Try this therapy if you believe the energy of those around you can affect your own. Reiki is a practice that uses and harnesses healing energy, says Hakanson, and if you’re on board with the idea that someone else has the capacity to affect your energy, you’re primed to find this treatment beneficial. “Everything and everyone is made up of energy,” says Hakanson. “Sometimes you can feel it when someone’s energy is off—you might say they have ‘bad vibes.’” And sometimes, that energy—whether it’s coming at us from someone else, or originating within us—can bring us down, making us feel depressed, she adds. “Reiki practitioners act as conduits who put a higher, universal energy into someone else.”
Developed by an osteopath who became an acupuncturist, this modality works on the relationship between a person’s energy system and their physical structure. So, while practitioners use finger pressure and gentle traction on areas of tension, they also work with energy fields to clear blockages in the body’s energy flow and amplify vitality, says Linda Wobeskya, a licensed physical therapist in the San Francisco Bay area and director of the Zero Balancing certification program. “What we bring into balance are the areas where your energy meets your structure,” she says.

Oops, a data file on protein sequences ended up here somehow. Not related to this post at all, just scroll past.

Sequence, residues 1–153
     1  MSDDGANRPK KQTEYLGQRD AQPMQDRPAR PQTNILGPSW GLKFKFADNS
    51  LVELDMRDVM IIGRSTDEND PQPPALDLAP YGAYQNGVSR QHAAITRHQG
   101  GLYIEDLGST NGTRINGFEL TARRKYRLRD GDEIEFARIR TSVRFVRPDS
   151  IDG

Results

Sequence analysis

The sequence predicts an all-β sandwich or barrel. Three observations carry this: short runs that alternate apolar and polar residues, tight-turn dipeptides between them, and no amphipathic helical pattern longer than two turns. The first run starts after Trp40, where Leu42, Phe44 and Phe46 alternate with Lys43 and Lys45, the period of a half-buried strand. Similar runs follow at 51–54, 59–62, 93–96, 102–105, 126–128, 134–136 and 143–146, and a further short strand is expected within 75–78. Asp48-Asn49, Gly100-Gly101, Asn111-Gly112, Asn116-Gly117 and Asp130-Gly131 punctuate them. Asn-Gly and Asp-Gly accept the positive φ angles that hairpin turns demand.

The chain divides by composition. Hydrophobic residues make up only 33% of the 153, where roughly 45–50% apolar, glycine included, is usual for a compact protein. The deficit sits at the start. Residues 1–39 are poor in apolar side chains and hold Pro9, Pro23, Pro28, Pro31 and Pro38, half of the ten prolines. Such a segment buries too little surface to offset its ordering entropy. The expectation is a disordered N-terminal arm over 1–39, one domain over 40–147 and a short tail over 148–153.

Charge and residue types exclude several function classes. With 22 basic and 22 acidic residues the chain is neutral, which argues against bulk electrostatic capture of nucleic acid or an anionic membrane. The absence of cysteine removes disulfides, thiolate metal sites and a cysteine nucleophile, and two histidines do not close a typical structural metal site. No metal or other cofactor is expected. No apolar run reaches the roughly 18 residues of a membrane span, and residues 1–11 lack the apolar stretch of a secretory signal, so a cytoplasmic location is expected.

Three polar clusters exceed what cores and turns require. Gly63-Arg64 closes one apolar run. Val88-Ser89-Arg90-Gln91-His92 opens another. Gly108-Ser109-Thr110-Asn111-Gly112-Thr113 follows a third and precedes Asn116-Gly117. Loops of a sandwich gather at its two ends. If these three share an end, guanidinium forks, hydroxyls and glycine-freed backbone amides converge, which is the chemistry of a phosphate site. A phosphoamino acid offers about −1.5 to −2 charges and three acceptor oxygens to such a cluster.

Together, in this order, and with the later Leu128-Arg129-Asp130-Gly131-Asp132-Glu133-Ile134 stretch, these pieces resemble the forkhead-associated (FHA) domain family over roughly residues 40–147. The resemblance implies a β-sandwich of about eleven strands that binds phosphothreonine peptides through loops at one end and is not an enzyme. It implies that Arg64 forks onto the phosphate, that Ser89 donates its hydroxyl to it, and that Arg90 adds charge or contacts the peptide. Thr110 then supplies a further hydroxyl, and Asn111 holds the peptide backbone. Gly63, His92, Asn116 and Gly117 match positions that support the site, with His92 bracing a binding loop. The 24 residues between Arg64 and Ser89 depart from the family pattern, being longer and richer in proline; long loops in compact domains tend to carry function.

Try this therapy if you’re looking for hands-on adjustments and subtle energetic work. “What makes Zero Balancing unique is that we work on both the energy system and the physical structure at the same time,” says Wobeskya. “And for that reason, my clients feel fully met.”